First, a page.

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Steel for Brains

Exploring the Brains behind the Noise

Equal parts black metal, punk, and the purest of rock n’ roll, Kvelertak have in a seemingly short time captured the attention of critics, fans, and even non-metal listeners.  One of the main reasons for the draw is their penchant for putting on every live show as if it were their last.  In my review of their latest release, Meir, I mentioned the fact that the album effectively translated almost every bit of raw energy you get live into each track.  Not an easy task and one that easily sets Kvelertak apart.  I had the opportunity to ask guitarist Bjarte Lund Rolland a few questions concerning the new album and his take on the band’s success.  

You guys are on a huge roll, gaining a lot of publicity, and a lot of listeners.  What’s been your take on the continuing success of the band?

Thanks man, what can I say! It’s been crazy and more and more weird shit is happening, kinda hard to grasp it all really, so I try not to at all.


What was the recording and compositional process for Meir like?  Did you find yourselves coming at this record from a different perspective from the first?  What influences the lyrical process for the music? 

I can’t speak for Erlend regarding the lyrics, but musically it was a little different approach than last time because all the material was written in a shorter time period. This time the other guys have been more involved in arranging and stuff, which I think is awesome. But other than that it was pretty much the same approach, lots of demoing and practice.

credit: Fotograf Jarle Hovda Moe

From a personal standpoint, what’s been your journey as musicians (feel free to answer this individually)?  What was it about heavy music that drew you in, so to speak?

For me personally, I don’t come from a metal or hardcore background like the other guys, if anything I am probably the one in the band that is the least interested in heavy music. But I have a very versatile music taste. I am fascinated with juxtaposition in music, when beauty meets ugly and hard grinds meet soft hooks, shit like that. That is what drew me into black metal for instance. I like to think about our music as having three elements. I want the music to be hard but catchy and beautiful at the same time, at various degrees across the song material of course. But I try not to make like one song that’s hard and one that’s poppy, etc.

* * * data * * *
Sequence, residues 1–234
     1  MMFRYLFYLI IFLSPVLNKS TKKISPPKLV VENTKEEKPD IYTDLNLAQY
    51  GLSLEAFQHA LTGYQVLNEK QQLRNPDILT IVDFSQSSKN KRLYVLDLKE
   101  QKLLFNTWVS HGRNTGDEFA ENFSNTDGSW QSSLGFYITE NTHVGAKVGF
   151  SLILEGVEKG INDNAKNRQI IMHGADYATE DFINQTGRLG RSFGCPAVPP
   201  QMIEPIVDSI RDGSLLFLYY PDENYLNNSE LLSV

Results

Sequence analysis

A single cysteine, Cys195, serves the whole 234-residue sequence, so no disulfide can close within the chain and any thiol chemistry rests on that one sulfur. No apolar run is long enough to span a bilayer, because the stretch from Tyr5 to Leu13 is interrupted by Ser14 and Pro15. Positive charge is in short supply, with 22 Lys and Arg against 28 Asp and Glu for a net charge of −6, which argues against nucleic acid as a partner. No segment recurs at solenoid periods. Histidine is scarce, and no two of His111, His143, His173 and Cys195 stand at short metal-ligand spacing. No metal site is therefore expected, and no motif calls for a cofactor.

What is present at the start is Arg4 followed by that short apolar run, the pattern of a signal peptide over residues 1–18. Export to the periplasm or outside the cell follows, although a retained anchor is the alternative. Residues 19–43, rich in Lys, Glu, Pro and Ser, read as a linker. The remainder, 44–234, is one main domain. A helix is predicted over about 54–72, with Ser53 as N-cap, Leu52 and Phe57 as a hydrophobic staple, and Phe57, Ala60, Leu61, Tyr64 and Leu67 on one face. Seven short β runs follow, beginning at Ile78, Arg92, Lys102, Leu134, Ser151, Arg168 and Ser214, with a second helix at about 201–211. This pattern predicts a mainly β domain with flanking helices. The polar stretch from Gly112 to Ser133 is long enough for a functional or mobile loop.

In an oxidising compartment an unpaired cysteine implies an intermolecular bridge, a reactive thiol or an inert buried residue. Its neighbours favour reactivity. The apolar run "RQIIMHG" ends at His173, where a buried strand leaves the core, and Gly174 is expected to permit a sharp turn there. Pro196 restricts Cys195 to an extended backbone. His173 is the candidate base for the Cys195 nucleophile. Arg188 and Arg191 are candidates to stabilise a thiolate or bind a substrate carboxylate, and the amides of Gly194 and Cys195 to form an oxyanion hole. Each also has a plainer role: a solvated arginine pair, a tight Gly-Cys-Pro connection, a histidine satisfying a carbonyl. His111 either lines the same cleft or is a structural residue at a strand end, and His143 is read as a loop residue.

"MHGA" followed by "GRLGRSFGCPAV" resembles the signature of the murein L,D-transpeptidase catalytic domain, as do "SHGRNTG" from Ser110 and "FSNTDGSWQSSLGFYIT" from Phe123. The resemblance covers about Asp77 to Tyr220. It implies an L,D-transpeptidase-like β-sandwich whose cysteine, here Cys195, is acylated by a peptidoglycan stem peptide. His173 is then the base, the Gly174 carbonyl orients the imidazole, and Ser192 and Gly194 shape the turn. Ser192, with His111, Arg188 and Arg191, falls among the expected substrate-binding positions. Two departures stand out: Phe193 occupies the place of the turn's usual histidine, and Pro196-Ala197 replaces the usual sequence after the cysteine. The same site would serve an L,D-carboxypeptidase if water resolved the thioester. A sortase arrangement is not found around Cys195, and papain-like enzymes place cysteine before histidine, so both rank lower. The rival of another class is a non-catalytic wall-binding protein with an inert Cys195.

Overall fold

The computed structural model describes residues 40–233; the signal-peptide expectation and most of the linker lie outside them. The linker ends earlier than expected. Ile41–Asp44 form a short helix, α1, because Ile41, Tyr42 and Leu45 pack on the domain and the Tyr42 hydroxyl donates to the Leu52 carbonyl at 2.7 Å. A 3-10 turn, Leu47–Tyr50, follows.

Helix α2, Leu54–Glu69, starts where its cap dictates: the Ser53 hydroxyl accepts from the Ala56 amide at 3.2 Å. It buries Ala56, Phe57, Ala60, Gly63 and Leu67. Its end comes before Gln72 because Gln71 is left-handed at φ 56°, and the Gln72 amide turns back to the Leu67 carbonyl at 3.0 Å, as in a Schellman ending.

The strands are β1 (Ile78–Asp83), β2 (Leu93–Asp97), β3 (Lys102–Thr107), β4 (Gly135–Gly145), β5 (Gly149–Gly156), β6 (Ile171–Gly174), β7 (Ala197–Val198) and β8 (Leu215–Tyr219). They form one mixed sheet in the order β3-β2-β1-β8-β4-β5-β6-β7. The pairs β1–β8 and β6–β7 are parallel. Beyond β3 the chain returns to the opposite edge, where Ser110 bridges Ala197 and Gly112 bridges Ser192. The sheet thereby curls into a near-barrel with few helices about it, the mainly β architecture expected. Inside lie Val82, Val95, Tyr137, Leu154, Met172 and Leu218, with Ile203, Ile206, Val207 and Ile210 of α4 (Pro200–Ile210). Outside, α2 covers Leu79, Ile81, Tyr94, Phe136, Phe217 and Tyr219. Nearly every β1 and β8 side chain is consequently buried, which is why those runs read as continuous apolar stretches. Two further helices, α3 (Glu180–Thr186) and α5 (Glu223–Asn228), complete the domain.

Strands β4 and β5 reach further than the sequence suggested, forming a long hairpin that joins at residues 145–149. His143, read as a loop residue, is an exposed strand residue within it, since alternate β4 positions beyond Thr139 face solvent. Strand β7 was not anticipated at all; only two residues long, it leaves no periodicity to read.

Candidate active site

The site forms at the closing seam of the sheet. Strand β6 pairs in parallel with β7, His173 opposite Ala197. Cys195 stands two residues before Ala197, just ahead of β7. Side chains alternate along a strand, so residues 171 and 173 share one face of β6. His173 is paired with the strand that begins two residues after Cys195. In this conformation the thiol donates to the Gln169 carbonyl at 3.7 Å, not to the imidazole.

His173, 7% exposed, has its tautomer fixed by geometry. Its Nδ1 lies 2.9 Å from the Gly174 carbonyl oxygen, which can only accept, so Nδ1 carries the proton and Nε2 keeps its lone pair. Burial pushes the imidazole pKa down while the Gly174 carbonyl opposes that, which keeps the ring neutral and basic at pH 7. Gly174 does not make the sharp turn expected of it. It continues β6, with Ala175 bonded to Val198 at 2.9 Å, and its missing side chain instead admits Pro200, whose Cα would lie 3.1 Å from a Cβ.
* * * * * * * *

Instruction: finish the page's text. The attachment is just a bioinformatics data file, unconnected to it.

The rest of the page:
What are your thoughts on the heavy metal genre today?  It seems as if the genre itself is in a constant state of flux – evolving and devolving with an ever changing source of influence.

Like I said before, I’m not a metal head so I don’t really care, but it looks like it’s dividing the scene, those who are like us and try to do new shit and those who hone in and worship traditional metal, to the point of pastiche, which is ok too, but obviously not something for me. I can get into both, as long as the songs are good, that’s the only thing that matters, regardless of scene or genre or whatever. And 99,999% metal bands couldn’t write a hook or make sense of a song structure if it crawled up their tight leather jeans and bit them in the belt buckle.

credit: Fotograf Jarle Hovda Moe

What’s been the most challenging component of the journey so far with Kvelertak?

Without doubt, following up the first album. But economy has also been an issue (yes, Norwegians have money trouble too). We’ve also gone through a couple of shitty work relationships with managements and agents, labels trying to fuck us over, the whole music industry cliché basically, which is exhausting.


Is the US response to your music different than that found in Europe?  If so, why do you think that is?

Not really, it’s not like Europeans understands any more or less. I think Americans really respond to the overthetop-ness and hooks of our music, as do Europeans too I guess. I really don’t know if there is a big distinction between US and European fans and audience.


What do you guys like to do in your spare time when you’re not busy recording, writing, or touring?

Recording and writing! [laughs] I work in a studio part time as a technician and producer.

Thanks to Bjarte and the rest of Kvelertak for their time.  
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1 year ago
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